In The Butterfly Effect, Ashton Kutcher wakes up in a dorm room and discovers that he’s got a pair of stumps where his forearms used to be. ”What the f—!” he exclaims, and if there’s a piece of dialogue this year campier than that, I’d love to hear it. Kutcher doesn’t sound upset, exactly; he sounds punk’d, as if he’d just found himself sleeping next to Bruce Willis or something.
”The Butterfly Effect” is a chain-reaction thriller in which Kutcher keeps diving back into his past and altering some horrendous event (child sexual abuse, a dog set on fire, you get the picture), then shooting into the different future that results from it. He ends up, for a scene or two, as a frat boy, a disabled sad sack, and a prisoner surrounded by thick-chested Aryan rapists. (Talk about punk’d.) Yet nothing in the movie has much consequence, since Kutcher keeps skipping to a new reality before we can figure out what he’s doing in the old one. It’s like he’s trapped in a ”Twilight Zone” theme restaurant.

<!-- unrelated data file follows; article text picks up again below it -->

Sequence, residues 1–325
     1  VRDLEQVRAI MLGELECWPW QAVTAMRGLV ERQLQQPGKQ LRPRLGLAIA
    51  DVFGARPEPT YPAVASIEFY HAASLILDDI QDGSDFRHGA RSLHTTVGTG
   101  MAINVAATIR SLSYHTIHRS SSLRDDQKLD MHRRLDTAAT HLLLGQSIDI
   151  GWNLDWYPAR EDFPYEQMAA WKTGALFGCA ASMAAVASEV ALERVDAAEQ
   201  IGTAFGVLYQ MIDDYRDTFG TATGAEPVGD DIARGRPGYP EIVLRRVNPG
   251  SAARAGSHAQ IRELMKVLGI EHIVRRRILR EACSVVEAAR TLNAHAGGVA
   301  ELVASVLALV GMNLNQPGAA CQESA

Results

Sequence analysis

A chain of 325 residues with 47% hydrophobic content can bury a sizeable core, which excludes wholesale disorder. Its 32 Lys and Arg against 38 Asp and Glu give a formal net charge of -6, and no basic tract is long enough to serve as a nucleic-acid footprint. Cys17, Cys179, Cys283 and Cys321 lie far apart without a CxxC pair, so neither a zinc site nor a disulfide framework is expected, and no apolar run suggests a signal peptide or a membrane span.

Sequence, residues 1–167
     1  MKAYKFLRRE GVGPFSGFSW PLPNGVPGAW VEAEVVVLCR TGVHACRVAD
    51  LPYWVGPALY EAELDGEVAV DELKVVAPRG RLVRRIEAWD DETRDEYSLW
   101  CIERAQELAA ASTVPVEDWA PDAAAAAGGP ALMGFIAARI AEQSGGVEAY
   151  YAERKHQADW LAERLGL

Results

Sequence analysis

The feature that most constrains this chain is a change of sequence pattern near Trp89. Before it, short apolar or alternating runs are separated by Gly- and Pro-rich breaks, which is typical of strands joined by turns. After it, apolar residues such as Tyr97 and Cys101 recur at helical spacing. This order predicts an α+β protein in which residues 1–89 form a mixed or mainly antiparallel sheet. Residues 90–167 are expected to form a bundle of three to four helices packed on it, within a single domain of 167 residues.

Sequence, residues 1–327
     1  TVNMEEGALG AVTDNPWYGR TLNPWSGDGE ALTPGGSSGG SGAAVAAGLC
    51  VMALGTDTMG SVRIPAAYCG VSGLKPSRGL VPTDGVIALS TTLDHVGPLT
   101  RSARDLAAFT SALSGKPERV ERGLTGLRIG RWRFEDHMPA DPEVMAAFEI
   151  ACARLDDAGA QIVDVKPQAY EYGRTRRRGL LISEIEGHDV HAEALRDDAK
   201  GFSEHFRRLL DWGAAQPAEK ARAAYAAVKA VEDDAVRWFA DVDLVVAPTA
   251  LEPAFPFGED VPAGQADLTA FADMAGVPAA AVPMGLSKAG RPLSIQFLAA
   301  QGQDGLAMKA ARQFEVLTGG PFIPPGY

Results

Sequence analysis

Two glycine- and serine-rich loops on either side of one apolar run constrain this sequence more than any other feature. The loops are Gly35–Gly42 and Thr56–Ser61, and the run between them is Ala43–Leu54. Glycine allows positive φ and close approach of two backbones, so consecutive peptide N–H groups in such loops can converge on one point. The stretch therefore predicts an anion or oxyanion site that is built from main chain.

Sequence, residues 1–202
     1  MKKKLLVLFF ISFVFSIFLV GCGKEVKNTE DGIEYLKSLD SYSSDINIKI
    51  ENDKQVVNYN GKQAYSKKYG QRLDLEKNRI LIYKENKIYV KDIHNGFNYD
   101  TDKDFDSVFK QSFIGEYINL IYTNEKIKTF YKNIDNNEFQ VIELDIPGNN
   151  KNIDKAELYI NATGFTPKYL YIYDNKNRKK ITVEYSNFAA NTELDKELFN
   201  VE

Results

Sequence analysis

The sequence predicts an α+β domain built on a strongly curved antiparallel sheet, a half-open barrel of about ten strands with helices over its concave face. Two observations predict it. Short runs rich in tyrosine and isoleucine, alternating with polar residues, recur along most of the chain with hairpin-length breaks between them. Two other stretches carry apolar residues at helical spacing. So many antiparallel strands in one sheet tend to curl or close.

There’s a good head trip nestled somewhere within the messy, sodden execution of ”The Butterfly Effect”; I kept wondering what a moody grunge technician like David Fincher would have done with it. But Kutcher is the wrong actor to anchor a psychological freak-out. Wearing a scruffy beard and an expression of lost-dog woe, he overacts to signify that he wants to be taken seriously. He may yet turn out to be a movie star, but not if he comes on like Eric Roberts’ kid brother scrambling to measure up.